Fall 2013, Issue II
Swept up in Amsterdam!
Although, by now, our students are used to the unpredictability of Dutch weather, no one could have expected that the halfway point of the fall semester would be marked by a very un-Dutch (and equally unwelcome) weather event: the passage of St Jude, a European windstorm that wreaked havoc on the city, the country, and most of Western and Northern Europe.
On Monday, October 28th, the city of Amsterdam hunkered down to brave gusts of wind that exceeded 70 mph, windspeeds that are so unusual for the Netherlands that residents were asked to stay inside and classes at the university were canceled. While, luckily, none of our students were injured or in any way harmed by the storm, the same cannot be said for countless trees, cars and homes, including one hapless houseboat docked only two minutes from the CIEE office.
By Monday afternoon the storm had died down, everyone ventured back outside, the cleanup began, and life in Amsterdam quickly returned to normal. While certainly one of the more dramatic moments of students' stay in Amsterdam, St Jude ultimately only punctuated the midway point of a semester that has been filled to the brim with classes, activities and personal exploration.
With the first block of classes making way for the second, we checked in with all students to see how they were doing and to get their feedback on academics, housing, activities and their overall study abroad experience so far. In individual meetings with members of staff students indicated, across the board, that they were having the time of their lives in Amsterdam -- and that the activities organized by CIEE had contributed meaningfully to their time in the Netherlands by opening their eyes to aspects of Dutch society that they may not have been aware of otherwise.
On October 24th, the CIEE Amsterdam Study Center was proud to screen Girl Rising, a ground-breaking documentary about the absolute importance and life-changing (and society-altering) value of educating girls and women. This documentary, which features the stories of nine girls from different parts of the world who have each faced seemingly insurmountable obstacles in their personal quest for knowledge and self-betterment, was was produced in partnership with CIEE and was shown in CIEE Study Centers all over the world to hammer home the message that educating girls should be nothing short of a top priority, and hopefully, in the near future, self-evident.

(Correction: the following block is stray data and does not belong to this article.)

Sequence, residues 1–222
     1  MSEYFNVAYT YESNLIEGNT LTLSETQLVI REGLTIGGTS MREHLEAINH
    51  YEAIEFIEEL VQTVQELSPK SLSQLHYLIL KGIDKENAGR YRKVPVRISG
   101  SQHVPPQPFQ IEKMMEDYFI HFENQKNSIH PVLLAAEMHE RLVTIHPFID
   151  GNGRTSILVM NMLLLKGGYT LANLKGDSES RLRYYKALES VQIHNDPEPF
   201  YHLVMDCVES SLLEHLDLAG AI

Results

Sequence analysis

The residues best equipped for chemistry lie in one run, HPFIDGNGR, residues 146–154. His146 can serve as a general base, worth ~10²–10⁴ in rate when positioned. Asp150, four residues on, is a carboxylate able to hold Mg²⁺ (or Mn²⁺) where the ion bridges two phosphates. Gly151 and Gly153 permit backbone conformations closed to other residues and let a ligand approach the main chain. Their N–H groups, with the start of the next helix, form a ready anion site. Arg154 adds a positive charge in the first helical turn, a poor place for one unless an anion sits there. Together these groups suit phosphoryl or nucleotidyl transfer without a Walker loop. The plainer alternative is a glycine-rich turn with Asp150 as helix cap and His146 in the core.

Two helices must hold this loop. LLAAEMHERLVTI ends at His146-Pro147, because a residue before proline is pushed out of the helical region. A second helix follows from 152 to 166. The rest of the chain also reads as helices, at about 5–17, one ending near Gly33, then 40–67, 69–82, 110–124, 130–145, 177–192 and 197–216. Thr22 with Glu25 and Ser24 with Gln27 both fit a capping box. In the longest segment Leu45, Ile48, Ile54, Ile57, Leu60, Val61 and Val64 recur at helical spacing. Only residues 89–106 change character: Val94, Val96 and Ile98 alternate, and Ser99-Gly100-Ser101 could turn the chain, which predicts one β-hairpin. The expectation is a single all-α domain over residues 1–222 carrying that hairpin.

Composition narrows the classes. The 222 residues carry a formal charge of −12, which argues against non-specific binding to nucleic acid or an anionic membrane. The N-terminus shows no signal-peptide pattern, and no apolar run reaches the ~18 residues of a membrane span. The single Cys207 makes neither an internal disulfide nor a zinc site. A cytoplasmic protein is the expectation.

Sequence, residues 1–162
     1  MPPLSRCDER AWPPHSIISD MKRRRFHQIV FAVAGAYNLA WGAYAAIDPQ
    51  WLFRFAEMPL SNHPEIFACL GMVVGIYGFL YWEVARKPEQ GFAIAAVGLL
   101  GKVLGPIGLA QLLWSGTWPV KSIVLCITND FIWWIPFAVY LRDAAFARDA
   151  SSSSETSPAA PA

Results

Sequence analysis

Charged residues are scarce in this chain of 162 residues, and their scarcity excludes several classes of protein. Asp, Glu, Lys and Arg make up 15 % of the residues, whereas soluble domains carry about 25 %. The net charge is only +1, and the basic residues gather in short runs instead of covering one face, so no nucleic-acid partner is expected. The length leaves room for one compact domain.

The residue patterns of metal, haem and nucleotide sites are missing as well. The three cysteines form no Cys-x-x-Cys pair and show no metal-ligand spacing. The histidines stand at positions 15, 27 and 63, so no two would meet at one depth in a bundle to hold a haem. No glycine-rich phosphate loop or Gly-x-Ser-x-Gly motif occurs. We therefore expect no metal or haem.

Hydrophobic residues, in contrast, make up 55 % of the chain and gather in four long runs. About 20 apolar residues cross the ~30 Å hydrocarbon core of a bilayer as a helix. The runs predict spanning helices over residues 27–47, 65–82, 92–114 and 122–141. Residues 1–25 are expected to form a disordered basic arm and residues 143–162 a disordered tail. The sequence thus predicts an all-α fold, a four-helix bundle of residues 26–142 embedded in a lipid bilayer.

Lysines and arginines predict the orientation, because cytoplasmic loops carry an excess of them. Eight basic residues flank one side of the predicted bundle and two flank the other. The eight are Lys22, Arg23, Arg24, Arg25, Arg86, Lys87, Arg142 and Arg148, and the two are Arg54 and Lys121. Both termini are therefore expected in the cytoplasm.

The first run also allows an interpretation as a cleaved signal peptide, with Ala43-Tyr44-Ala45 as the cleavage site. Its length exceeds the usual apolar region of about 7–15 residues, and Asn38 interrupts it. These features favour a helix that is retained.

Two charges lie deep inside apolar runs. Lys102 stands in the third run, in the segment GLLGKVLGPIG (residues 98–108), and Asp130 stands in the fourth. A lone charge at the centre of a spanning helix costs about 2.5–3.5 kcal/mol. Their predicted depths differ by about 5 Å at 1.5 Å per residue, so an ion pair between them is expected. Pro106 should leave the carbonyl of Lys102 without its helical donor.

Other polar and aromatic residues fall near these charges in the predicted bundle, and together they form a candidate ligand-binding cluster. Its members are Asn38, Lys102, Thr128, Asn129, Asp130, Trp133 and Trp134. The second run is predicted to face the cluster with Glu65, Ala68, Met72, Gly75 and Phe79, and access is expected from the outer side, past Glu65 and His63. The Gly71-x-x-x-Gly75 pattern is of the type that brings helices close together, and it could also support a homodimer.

When students aren't in the classroom, exploring Amsterdam on their own, or boarding buses, trains and planes to criss-cross the European continent, we encourage them to attend any (or all!) of the activities that we organize on an almost weekly basis. In the past couple of weeks, the Culinary Interest Group went on a food tour of Amsterdam that had students explore Amsterdam's "foodiest" neighborhoods by sampling some of the local delicacies, from fish cookies in Chinatown to Indonesian bapao's -- steamed buns with a meat filling -- to the Dutch staples of raw herring and bitterballen (fried balls with a filling of mystery meat that should be judged solely based on their taste and not on what they look like).
The Sports Interest Group, whose activity took place on the same day as the food tour, took an opposite tack by having students participate in a Dutch-style bootcamp in one of Amsterdam's most famous parks. The Queer Interest Group, lastly, went on a tour through Artis, the Amsterdam zoo, to learn more about homosexuality in the animal kingdom. We learned that homosexual behavior has been observed in many different animal species and has evolved as a unique strategy that serves a number of distinct purposes, from consituting a form of mating practice to a source of sexual pleasure.
I hope this newsletter has given you a glimpse of everything that's been happening here in Amsterdam; the third and final newsletter will look back on the semester as a whole, although I think I speak for the students as well when I say that no one wants to think about that yet!
Greetings from Amsterdam,
Program Coordinator Social Sciences